“Liang gets to tell the other oboists what to do, and he’s much younger than all of them!” exclaimed Howard, a sophomore violist from Taiwan now studying at Idyllwild Arts.

Liang spoke to the Idyllwild Arts Student Orchestra after a rehearsal last week. He was candid about his time at the academy, including some mistakes he made (such as getting caught after curfew in the girls’ dorm). Most importantly, Liang offered the students some good advice.

“He said that he doesn’t get nervous onstage because he won some competitions, so he’s earned the right to be there,” said Tiffany, a senior who plays cello. “He looks so relaxed.”

Some of Liang’s achievements included a fellowship position at the Aspen Music Festival. He also was a second prize winner at the 2003 Fernard Gillet International Oboe Competition and a prizewinner at the 2002 Tilden Prize Competition.

Tiffany also said that besides thinking positively, Liang advised them to come to all of their performances prepared. And that means hours of practice.

“When you know your work, you’ll be confident in your playing,” Liang told them.

During his Dec. 3 and 4 concerts at Idyllwild Arts Academy, Liang performed Mozart’s “Concerto Oboe in C Major, K 314 (25d).” Advance press in the Idyllwild Town Crier, the Press-Enterprise, and the Idyllwild Herald, brought large crowds during both performances. The Sunday, Dec. 4 afternoon concert was standing room only.

(from L) Camille (with Mariya, an IA alum) was enthusiastic about Liang Wang's master class and the importance he's brought to the oboe.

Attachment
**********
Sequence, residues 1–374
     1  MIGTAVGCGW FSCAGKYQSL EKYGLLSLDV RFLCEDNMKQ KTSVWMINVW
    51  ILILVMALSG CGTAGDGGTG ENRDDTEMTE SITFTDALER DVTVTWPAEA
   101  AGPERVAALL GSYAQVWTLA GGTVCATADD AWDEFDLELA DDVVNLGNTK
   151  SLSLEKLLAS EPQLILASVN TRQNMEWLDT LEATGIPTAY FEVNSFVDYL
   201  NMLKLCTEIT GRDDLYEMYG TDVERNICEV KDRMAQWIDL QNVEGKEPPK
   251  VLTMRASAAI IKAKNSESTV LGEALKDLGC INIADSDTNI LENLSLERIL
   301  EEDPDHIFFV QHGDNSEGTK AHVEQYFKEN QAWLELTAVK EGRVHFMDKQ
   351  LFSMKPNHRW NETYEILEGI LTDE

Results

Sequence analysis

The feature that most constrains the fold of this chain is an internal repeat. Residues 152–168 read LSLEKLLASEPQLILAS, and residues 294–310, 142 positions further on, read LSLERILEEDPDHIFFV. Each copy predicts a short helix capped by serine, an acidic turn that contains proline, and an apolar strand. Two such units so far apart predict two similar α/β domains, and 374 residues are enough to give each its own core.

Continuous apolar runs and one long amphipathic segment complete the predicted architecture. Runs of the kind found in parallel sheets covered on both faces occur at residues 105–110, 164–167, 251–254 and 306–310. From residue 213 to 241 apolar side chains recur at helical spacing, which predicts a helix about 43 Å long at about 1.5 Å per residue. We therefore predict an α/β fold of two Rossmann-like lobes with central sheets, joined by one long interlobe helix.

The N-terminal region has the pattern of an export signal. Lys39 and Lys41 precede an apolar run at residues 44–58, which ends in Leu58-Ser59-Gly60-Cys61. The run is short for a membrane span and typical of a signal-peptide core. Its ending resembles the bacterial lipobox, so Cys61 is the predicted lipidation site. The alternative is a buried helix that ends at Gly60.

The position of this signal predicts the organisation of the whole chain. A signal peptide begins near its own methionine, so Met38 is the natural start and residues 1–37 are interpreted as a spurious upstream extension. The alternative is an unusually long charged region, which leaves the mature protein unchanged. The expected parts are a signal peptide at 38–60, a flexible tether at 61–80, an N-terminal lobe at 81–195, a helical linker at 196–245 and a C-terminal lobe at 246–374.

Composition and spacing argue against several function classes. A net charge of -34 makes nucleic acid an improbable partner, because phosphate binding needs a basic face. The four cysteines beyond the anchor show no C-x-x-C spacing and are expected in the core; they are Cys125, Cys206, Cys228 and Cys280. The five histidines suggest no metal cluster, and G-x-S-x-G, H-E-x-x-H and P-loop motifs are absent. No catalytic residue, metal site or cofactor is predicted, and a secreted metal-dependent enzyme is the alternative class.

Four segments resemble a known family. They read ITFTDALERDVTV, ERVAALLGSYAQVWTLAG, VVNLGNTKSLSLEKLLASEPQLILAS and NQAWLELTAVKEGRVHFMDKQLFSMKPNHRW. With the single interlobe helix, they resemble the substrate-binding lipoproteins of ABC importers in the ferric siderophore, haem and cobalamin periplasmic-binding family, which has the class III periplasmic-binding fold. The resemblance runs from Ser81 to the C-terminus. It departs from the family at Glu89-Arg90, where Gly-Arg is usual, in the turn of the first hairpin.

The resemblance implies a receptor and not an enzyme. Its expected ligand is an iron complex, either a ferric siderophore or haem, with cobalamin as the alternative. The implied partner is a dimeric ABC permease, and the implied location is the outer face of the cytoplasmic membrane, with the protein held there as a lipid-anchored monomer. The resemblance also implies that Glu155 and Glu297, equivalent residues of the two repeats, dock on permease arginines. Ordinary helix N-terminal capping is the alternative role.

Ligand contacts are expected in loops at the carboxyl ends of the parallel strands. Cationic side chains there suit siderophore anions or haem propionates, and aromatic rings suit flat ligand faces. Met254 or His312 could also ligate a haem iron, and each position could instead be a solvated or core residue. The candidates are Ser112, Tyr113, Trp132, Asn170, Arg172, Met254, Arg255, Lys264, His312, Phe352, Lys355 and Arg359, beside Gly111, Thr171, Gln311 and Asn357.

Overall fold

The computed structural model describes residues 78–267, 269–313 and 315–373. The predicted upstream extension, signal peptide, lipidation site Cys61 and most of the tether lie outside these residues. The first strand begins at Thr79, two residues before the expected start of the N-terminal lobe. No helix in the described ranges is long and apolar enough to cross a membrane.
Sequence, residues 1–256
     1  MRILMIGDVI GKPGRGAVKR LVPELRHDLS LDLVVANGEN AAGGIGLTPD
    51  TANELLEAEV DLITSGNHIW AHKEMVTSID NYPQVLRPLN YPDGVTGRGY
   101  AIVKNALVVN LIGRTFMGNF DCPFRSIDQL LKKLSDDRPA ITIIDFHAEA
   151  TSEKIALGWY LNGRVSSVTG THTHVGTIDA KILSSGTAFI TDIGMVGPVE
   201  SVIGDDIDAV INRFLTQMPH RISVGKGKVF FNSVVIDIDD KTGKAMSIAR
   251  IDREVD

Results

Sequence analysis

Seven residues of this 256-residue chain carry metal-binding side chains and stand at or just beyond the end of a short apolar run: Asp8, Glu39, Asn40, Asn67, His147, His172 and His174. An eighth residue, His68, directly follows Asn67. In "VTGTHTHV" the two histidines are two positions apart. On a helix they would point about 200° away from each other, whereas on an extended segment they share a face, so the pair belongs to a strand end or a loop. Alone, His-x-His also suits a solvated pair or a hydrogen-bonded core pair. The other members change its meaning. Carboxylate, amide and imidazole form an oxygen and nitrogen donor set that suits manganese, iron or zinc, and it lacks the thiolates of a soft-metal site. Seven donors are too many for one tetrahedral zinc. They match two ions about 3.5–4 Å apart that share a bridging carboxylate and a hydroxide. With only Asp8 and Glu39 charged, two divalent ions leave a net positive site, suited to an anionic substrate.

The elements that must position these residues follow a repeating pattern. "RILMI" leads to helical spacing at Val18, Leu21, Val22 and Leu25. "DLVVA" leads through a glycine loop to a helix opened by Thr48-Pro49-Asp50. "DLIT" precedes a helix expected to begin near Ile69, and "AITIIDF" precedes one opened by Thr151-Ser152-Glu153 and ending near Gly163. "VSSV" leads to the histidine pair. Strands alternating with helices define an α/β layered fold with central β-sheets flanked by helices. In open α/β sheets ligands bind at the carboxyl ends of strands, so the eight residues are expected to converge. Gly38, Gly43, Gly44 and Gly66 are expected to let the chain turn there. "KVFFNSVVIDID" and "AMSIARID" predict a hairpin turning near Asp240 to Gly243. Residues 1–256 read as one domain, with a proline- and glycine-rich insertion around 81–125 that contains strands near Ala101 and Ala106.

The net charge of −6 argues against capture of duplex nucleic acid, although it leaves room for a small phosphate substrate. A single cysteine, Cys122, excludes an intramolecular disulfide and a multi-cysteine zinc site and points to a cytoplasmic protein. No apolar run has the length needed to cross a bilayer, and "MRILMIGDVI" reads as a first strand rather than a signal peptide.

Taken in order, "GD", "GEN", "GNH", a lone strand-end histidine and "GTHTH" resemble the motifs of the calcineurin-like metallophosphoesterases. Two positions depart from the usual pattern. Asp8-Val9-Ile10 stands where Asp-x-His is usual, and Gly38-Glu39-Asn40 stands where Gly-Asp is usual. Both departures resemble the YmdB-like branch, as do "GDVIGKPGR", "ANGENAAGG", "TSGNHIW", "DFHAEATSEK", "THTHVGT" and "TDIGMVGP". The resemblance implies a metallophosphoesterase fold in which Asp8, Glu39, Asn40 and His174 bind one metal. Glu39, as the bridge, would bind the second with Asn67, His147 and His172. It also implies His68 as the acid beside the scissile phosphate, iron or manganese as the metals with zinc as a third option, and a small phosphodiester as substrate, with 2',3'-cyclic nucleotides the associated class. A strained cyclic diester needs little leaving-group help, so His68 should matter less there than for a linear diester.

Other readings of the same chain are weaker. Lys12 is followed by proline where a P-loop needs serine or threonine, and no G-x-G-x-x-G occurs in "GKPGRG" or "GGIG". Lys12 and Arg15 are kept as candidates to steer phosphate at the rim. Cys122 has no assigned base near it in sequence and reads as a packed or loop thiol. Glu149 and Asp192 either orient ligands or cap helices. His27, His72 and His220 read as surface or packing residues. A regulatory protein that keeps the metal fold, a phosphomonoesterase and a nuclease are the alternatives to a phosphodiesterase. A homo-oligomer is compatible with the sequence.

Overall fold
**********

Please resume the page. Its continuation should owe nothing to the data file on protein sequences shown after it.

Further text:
The oboe concerto was lively, and Liang played most of the time, even to the point of flush in his cheeks. According to the program notes, the Mozart Oboe Concerto in C was composed in the summer of 1977, but the manuscript was lost until 1920. It had a striking resemblance to a flute concerto of Mozart’s. Finally published in 1948, it remains the least-known of Mozart’s entire concerto output.

The notes stated that the Oboe Concerto was rather French in style with cheerful outer movements.

In fact, Liang looked rather French and lively onstage, lifting his oboe like a horn to give the audience its full sound. He was also keen on taking cues from Peter Askim, Idyllwild Arts’ music director. No prima dona he! You could tell that he knew that the fine performance was a group effort.

“I’m in love with him!” exclaimed Camille, an oboist and senior at Idyllwild Arts. “He brought such notoriety to our instrument!”

Camille was among those who got to attend Liang’s master class that weekend. She said that Liang gave her lots of good input about her playing, which comes at the perfect time when she’s applying to colleges.

He even agreed to give Camille a lesson when she visits the Manhattan School of Music over winter break. He is currently on the faculty there.

Ryan Zwahlen, head of the Music Department at Idyllwild Arts who also plays the oboe, was instrumental in securing Liang’s performance at the school.

“He gets great reviews on his sound and control,” Ryan said. “Having him perform with our students will show them what hard work could get them in the future. It’s also a great recruitment thing for the school helping us to raise our profile.”

Copyright 2011 Idyllwild Me. All rights reserved.

Published on: Dec 9, 2011 @ 11:57